A California Court of Appeal has affirmed a summary judgment in favor of the insurer on defense and indemnity with respect to claims that arose from circumstances known to the policyholder when it applied for professional liability insurance but that were not disclosed to the insurer in the application. Crown Capital Securities, L.P. v. Endurance American Specialty Ins. Co. (Cal.Ct.App, 2d Dist., Div. 5, 4/10/15). Because the application stated that a claim is excluded from coverage if arising from any undisclosed circumstance that was required to be disclosed in response to a question asked, and the application requested disclosure of circumstances that may result in a claim, the policyholder was not entitled to coverage for claims arising from the known but undisclosed circumstance.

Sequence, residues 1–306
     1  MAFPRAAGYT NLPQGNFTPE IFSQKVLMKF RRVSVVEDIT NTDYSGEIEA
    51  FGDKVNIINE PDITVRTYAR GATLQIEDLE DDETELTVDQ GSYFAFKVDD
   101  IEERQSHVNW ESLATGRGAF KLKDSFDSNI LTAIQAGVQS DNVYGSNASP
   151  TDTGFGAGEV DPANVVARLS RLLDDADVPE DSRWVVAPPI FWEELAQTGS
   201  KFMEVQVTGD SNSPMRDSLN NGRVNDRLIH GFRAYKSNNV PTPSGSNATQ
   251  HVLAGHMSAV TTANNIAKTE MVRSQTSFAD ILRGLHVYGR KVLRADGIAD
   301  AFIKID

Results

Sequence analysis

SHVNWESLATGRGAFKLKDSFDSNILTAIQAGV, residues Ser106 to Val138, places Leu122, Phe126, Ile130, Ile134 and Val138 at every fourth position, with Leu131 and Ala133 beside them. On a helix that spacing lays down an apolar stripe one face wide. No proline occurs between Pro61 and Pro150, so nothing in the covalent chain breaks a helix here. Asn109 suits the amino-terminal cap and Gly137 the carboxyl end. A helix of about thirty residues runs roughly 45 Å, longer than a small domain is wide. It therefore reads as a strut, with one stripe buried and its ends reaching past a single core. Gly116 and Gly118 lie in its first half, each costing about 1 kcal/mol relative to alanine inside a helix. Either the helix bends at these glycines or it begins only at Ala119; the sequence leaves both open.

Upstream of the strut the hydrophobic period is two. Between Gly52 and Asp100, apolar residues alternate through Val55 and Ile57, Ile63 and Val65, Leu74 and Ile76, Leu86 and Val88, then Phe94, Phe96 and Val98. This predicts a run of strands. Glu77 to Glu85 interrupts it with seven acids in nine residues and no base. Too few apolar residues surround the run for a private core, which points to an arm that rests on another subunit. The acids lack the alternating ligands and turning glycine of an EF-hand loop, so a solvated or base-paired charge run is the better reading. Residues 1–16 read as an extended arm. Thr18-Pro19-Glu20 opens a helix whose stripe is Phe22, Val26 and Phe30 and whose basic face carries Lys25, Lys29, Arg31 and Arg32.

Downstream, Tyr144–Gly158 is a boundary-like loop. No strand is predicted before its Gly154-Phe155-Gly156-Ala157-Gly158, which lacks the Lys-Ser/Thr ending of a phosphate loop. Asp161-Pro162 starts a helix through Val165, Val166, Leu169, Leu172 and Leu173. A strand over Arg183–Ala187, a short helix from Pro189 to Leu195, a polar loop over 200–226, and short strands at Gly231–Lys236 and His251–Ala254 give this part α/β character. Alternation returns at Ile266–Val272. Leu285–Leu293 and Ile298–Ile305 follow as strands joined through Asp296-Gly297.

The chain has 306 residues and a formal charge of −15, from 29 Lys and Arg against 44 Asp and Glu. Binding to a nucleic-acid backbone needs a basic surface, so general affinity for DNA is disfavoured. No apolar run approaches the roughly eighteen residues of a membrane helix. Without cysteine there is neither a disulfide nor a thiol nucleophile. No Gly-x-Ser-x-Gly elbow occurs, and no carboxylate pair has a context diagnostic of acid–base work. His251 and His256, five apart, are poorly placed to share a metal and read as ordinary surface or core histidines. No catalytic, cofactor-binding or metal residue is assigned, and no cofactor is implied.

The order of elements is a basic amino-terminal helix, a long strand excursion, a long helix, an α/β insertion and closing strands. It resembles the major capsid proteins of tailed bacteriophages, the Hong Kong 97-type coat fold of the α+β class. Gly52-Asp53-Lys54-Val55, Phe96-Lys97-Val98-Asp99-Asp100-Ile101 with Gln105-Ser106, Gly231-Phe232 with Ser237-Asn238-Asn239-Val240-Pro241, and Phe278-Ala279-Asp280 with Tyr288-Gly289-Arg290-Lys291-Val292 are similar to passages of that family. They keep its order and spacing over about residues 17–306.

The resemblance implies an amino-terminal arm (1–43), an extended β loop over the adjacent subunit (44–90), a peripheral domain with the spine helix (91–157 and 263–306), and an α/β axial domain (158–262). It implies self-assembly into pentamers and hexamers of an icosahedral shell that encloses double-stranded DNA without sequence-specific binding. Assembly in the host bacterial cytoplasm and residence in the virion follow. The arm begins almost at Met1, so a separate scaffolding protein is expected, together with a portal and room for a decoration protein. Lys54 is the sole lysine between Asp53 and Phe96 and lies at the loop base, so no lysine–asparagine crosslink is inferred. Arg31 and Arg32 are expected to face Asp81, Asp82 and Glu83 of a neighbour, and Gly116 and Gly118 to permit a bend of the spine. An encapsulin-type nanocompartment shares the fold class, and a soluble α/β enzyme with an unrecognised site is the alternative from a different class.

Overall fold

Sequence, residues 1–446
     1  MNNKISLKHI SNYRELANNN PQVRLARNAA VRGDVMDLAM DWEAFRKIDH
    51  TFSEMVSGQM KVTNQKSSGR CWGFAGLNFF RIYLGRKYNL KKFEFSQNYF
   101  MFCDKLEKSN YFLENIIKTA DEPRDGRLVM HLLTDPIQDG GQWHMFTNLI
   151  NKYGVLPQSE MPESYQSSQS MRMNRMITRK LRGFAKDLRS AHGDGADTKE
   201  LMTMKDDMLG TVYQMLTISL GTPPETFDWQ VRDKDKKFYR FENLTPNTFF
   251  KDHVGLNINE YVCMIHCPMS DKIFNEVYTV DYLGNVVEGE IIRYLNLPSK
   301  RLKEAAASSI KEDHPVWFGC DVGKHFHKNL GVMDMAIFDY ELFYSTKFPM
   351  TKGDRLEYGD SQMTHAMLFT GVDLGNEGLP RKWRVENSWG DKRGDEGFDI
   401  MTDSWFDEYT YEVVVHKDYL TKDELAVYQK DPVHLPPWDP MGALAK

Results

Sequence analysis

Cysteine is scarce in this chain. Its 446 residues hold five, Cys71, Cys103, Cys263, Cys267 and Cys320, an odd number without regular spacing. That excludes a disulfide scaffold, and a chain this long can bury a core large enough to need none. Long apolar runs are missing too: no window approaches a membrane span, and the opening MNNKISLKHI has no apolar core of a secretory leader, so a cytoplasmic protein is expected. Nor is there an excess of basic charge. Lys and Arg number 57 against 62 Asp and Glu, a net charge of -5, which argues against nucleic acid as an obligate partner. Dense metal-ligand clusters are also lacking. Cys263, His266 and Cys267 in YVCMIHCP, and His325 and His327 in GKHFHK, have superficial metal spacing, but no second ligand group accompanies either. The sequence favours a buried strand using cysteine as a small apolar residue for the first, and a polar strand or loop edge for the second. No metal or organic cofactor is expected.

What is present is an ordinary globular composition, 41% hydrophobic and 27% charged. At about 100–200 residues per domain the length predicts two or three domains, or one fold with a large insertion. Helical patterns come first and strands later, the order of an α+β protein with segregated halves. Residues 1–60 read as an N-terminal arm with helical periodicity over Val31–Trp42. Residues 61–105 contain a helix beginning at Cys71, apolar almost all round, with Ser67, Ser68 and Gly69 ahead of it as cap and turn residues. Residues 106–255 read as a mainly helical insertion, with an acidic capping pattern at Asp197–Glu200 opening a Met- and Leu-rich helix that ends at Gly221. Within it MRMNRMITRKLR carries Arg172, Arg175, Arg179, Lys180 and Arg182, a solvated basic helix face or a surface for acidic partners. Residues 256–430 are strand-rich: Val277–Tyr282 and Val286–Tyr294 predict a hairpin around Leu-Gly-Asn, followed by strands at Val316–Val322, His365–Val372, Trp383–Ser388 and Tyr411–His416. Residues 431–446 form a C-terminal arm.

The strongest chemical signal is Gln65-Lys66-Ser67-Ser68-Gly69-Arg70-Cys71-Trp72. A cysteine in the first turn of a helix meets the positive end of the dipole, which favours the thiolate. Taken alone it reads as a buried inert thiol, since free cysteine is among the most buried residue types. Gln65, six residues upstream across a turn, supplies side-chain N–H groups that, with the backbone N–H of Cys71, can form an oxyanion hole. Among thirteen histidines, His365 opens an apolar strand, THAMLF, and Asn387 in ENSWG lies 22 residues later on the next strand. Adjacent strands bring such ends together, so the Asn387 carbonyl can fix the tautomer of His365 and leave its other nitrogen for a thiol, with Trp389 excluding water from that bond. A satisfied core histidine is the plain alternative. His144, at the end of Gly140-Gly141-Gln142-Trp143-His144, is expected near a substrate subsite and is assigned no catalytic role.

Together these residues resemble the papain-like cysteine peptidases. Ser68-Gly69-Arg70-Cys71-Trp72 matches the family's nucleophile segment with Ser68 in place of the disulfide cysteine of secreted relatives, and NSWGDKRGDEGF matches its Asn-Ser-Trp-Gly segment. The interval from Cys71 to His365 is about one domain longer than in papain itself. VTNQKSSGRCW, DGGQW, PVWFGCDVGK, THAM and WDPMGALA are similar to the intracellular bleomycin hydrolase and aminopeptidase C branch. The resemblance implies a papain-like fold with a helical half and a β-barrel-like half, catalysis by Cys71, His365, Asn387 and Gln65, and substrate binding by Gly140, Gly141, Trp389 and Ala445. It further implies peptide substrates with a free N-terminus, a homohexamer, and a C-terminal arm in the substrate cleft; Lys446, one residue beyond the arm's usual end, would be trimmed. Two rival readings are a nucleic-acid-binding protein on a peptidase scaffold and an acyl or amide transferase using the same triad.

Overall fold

In McMillin Companies, LLC v. American Safety Indemnity Co. (4th Dist. Div. 1, No. D063586, January 22, 2015 (published in relevant part)), the California Court of Appeal for the Fourth District has provided some meaningful guidance on how a trial court should handle issues that regularly come up in cases where an alleged additional insured claims breach of the duty to defend by multiple insurers, including explaining the significance of an insurer’s unsuccessful attempt to obtain summary judgment on the duty to defend, the significance of other insurer settlements on claims against the remaining insurer, and the procedure for applying an offset to the policyholder’s claim for such settlements.